So you’ve discovered that you’re riding a credit card float. Sure, it’s a bummer but it’s not all bad news. In fact, to point out the obvious: the only thing that has changed is your level of awareness of the situation, not the situation itself.
I pay my credit card(s) in full every month and never incur interest charges or fees. What could possibly go wrong?
Ack! I’m borrowing against my next paycheck to pay for current expenses.
Awareness, my friends, is half the battle. The next step is to get off the credit card float.
The following tutorial details exactly how to set up your accounts and the steps to follow each month until you get off the float. This tutorial is for users of the new You Need A Budget (YNAB) web-based subscription software (sometimes referred to as nYNAB). [If you’re still using the old, no-longer-supported YNAB4, the FLTS concept can be applied but the setup is different.]
Let me know if you have questions. If this tutorial is helpful, a kind word in the comments would not go amiss.
Float Loan to Self [FLTS] Tutorial for nYNAB Users
Before we begin, a couple of notes:
First: I recommend beginning with a fresh, clean budget. That will be the quickest, easiest, and cleanest way to get started and move forward. However, if you are deeply invested in your existing data, you can introduce a FLTS without starting fresh but it requires extra steps and can prove to be messy. Skip to the end of this tutorial for instructions on how to integrate your existing data into the FLTS method.
Second: This tutorial focuses only on how to set up a FLTS, not how to use YNAB in general. I’ve classified this as an “Intermediate” level tutorial because it might be difficult to follow if you’re not already somewhat familiar with the YNAB software and the budgeting concepts behind it.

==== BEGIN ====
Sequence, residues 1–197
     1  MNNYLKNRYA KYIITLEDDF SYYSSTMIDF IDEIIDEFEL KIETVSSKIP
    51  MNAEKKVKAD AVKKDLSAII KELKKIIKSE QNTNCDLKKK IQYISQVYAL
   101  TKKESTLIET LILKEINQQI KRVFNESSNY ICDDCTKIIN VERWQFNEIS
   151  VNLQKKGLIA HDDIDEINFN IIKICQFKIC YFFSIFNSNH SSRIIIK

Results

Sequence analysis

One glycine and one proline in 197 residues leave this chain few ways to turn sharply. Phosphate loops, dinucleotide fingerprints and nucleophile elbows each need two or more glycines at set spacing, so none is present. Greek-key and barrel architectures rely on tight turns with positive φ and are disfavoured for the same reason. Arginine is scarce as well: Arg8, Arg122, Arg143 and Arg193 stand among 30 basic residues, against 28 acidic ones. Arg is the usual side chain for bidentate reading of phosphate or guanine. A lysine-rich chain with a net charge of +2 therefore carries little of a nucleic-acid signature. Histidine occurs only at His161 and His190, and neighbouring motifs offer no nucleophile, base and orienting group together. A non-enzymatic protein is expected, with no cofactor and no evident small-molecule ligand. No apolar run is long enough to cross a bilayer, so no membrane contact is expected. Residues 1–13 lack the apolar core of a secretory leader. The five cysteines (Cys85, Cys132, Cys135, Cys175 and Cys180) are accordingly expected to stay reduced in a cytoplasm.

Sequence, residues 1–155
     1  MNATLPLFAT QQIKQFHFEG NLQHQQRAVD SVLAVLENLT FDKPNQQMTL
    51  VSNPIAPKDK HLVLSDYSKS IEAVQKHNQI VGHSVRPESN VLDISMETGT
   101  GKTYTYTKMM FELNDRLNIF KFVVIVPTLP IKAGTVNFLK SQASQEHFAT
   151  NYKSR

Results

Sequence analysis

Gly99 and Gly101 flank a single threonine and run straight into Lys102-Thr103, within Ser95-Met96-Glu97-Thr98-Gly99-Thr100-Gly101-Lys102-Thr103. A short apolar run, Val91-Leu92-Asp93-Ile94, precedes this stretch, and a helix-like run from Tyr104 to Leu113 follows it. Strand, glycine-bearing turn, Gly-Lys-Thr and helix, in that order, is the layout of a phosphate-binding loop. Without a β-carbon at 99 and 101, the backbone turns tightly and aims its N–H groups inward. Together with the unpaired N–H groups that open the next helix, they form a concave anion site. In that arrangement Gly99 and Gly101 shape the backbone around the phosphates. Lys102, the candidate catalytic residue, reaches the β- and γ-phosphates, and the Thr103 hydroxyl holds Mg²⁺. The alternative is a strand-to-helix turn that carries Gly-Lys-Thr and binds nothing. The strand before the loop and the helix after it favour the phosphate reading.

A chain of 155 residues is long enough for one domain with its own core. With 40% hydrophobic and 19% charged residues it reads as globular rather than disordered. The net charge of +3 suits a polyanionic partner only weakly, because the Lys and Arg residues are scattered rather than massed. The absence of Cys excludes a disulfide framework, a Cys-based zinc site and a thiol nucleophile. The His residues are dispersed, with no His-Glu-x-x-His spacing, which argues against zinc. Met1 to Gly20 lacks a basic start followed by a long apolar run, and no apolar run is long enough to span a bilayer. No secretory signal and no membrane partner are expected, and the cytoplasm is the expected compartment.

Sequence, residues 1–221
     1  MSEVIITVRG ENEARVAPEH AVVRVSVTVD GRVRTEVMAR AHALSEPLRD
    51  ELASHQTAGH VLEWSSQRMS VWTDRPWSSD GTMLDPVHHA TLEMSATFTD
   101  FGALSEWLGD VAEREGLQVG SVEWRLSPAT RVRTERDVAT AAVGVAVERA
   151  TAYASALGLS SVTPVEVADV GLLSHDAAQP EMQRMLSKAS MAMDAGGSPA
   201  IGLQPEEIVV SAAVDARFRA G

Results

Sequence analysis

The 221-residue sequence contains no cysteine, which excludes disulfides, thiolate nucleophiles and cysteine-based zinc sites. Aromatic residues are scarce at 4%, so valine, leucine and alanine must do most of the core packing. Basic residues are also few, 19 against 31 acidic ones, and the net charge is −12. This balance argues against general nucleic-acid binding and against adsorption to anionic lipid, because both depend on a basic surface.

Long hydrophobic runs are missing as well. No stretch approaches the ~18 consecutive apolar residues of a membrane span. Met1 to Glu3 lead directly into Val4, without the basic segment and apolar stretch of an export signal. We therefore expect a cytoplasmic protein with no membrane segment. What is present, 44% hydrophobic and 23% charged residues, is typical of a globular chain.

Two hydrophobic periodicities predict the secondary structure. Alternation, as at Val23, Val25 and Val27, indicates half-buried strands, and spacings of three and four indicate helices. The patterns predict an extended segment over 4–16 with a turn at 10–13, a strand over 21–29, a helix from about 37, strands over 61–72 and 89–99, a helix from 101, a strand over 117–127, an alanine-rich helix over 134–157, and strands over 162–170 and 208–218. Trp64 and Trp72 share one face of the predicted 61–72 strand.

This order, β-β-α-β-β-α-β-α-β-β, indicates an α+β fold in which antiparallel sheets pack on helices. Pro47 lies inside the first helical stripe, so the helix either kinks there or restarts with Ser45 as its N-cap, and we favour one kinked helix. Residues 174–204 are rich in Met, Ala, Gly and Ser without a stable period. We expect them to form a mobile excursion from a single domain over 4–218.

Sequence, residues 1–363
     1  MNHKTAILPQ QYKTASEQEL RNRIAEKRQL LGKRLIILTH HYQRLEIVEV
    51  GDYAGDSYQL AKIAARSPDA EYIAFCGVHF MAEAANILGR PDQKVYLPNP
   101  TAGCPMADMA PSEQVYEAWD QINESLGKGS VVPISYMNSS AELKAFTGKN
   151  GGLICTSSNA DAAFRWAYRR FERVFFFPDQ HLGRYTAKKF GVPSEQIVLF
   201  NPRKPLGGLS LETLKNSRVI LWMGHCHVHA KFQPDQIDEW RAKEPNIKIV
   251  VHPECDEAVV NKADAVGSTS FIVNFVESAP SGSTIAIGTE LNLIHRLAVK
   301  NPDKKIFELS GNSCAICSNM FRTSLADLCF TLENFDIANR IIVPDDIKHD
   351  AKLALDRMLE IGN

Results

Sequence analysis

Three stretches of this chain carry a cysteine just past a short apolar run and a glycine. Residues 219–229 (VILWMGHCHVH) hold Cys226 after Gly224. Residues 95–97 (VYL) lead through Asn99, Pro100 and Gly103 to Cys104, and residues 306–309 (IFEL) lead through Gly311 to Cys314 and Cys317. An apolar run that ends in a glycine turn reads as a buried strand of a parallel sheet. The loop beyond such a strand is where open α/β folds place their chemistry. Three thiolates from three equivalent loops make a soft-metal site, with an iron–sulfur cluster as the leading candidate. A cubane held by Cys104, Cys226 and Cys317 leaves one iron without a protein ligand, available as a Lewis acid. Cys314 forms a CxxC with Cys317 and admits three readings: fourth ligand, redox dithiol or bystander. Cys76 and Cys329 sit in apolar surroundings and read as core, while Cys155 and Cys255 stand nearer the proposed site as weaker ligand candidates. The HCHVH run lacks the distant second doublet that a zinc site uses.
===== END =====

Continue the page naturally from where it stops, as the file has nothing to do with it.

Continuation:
The YNAB developers have provided their own resources explaining the YNAB methodology and the software. The Float Loan to Self [FLTS] methodology, for both YNAB versions, is of my own devising; it’s a method I developed and use to better serve my clients.
Step 1: Create your accounts
If you’re starting your budget from scratch, apply the following steps to each account you own or co-own that will be part of your budgeting decisions (checking, savings, and credit cards).
1a. Create a new account
Start by creating a new unlinked account. You can always come back and connect them later if you want to import your transactions.
1b. Choose Account Type: Checking
Choose Checking as the Account Type. Yes, choose Checking even for your credit card(s). This setting will not keep you from linking your credit card to your bank later.
1c. Name the account
Choose a name that makes sense to you, i.e. Chase checking, Public Service CU #1010, Citibank Visa, Amex 0082.
1d. Skip the Starting Balance (Enter “0”)
The app requires you to enter a starting balance before you can complete the account creation process – so you can’t technically skip this step. But I do recommend that you enter “0” for now and circle back to starting balances later in Step 3.
*Whether you enter starting balances now or later, it’s vital that you enter accurate balances. This is not the time or place to guess or use rounded numbers.
1e. Repeat for each account
Repeat the account creation process (steps A – D) for each account you own or co-own.
Step 2: Create the Float Account
Create one last Checking account. Name this account CC FLTS.
Even if you have multiple PIF (paid in full) credit cards, you will only need one FLTS account.
Step 3: Enter your current account balances
Log into each bank and credit card account to retrieve your current account balances.
Edit each account’s Starting Balance transaction accordingly.
- Checking and savings account balances should be entered as an Inflow.
- Credit card balances should be entered as an Outflow.
Progress Check #1
Now your assets (checking) and liabilities (credit card outstanding balances) are both entered. Click on the Budget tab to view your adjusted To Be Budgeted [TBB] balance.